Job Interview Question
What do you wish you’d done better?
What would you do differently in your career? What do you wish you’d done better? This question is a behavioral interview-style way to find out “what’s your greatest weakness?” It’s also closely-related to “What’s your biggest failure?” Hiring managers know that we’re onto that question the way it’s normally asked, so they just ask it a different way. But with this question, you must have a story to tell.
Asking this question also is a way for them to find out about how you deal with adversity and difficult situations. They want to know that you are mature and that you can learn from your mistakes. It’s a peek into your thought process. What they’re hoping you’ll be able to do is communicate a story or situation (what happened), say what you wish you’d done better, and then provide an example of when you did do it better. Because that’s the ideal kind of employee—one who learns from their mistakes.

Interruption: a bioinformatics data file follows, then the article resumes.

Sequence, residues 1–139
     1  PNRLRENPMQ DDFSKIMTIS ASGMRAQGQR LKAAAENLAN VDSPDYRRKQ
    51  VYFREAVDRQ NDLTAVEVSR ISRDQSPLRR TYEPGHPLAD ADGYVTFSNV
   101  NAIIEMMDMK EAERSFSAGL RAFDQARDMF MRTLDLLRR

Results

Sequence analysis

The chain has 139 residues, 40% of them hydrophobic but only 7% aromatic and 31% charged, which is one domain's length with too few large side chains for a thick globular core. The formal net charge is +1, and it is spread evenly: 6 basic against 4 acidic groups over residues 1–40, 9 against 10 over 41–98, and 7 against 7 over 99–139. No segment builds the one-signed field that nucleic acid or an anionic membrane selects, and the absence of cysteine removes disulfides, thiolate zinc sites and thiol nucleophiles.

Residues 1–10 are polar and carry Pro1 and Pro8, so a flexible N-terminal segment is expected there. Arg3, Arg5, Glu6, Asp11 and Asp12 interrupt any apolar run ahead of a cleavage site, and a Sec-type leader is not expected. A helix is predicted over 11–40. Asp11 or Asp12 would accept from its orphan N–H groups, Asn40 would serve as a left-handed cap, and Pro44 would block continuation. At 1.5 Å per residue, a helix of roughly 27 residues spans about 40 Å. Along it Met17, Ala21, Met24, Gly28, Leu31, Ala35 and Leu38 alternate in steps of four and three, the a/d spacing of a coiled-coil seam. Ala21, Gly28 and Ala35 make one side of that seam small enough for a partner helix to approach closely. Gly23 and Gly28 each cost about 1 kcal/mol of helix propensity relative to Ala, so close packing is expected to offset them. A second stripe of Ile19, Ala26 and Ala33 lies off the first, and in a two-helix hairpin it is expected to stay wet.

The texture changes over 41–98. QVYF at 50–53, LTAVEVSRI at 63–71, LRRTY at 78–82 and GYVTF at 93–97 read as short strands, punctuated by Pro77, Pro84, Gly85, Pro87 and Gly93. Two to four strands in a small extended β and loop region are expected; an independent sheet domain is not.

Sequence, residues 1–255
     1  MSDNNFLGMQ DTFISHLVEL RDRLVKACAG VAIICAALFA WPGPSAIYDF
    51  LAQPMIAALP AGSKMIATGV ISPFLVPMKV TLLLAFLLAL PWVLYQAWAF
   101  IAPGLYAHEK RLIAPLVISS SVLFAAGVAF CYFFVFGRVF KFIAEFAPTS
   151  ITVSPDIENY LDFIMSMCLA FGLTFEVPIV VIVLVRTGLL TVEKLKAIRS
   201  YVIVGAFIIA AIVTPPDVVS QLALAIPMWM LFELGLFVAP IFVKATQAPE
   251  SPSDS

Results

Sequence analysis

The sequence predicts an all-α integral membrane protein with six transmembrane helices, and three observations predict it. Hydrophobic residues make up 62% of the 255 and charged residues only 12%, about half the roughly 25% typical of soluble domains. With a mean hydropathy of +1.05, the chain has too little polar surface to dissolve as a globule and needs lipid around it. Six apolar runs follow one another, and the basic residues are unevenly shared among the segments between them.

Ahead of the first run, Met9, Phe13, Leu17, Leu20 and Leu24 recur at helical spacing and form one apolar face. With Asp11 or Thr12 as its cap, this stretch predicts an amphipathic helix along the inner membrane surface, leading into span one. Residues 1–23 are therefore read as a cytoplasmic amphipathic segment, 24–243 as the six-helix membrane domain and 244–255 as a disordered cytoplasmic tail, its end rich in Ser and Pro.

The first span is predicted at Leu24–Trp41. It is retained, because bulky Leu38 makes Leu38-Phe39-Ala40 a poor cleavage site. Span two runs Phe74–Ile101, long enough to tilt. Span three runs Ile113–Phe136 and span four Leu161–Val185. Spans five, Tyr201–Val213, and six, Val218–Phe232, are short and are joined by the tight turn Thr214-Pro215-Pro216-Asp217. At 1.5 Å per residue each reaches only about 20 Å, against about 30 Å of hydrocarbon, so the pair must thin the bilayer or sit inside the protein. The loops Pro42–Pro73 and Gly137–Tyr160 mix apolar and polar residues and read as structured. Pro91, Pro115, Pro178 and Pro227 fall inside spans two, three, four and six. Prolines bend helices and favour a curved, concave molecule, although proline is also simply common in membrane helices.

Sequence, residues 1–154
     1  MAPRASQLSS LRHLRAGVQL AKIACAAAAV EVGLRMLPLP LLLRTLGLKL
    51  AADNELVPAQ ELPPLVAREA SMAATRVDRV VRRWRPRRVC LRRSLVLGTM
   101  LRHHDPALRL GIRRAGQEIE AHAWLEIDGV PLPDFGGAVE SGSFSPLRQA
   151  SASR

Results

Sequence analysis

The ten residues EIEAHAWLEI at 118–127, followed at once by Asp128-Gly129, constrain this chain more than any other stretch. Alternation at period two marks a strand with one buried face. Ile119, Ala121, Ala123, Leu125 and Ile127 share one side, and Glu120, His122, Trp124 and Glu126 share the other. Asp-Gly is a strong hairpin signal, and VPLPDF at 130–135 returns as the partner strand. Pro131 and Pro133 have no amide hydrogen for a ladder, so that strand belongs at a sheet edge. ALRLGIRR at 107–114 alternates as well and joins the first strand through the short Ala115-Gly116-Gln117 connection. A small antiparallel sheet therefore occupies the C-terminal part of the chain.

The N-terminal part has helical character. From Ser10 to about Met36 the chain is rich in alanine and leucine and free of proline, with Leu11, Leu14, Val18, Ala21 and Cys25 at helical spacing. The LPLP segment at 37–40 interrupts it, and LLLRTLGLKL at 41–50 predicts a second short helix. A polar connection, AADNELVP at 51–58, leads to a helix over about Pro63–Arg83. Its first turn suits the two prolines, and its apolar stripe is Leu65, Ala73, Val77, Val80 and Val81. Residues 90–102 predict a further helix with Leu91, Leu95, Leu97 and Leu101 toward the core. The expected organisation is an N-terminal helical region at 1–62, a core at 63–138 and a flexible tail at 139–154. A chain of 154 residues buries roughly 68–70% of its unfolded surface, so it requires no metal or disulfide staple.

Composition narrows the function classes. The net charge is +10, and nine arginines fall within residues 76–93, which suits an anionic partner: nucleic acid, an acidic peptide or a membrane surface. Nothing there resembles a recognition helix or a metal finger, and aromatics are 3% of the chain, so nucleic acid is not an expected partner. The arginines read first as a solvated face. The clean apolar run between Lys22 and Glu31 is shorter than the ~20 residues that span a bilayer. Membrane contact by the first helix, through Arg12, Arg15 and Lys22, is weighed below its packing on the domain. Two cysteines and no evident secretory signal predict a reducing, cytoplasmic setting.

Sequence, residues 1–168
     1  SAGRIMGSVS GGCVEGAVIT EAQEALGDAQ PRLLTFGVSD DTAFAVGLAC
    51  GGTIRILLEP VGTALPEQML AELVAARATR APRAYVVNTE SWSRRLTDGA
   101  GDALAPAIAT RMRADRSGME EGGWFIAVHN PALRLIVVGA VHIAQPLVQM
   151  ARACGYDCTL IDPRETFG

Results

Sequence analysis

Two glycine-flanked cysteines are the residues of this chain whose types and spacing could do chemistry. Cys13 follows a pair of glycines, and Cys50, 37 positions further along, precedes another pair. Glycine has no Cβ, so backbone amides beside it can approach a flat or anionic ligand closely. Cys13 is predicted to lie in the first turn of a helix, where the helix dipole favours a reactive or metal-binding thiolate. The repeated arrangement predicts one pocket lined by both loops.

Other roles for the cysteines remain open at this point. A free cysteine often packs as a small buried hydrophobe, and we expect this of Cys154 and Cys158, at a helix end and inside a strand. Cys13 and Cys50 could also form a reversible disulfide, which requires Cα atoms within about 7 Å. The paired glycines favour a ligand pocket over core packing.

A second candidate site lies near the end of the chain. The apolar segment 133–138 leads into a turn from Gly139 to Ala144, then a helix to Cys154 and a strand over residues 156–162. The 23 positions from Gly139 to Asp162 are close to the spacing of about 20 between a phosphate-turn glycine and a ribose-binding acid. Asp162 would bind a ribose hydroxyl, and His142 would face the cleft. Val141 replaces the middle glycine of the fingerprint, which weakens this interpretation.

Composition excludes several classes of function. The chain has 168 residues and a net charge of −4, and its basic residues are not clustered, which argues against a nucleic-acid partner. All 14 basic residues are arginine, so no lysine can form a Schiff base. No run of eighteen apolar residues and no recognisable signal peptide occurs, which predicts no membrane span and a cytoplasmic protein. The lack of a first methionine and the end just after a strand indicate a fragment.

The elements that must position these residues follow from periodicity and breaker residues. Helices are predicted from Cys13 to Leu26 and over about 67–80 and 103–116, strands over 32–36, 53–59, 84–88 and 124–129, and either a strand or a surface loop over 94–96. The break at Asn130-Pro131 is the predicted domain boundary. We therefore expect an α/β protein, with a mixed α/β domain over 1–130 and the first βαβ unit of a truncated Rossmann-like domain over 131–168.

Even if you’re telling them a real story about a real mistake, the best advice is to try to give them what they want to hear without choosing something that would directly affect your performance at this job. Nobody wants to hire an accountant who had organizational problems at her last job. Nobody wants to hire a sales rep who had an issue with a co-worker that you couldn’t work out—because that shows an issue with interpersonal and communication skills, a fatal flaw for sales reps. So try to talk about a real mistake that you learned something significant from that would never affect your performance at this job.
FREE Training - How to Answer Interview Questions
Now you’re an accountant who’s also got good communication skills and can be a team player. You’ve turned a negative into a positive. That's good job interview strategy.
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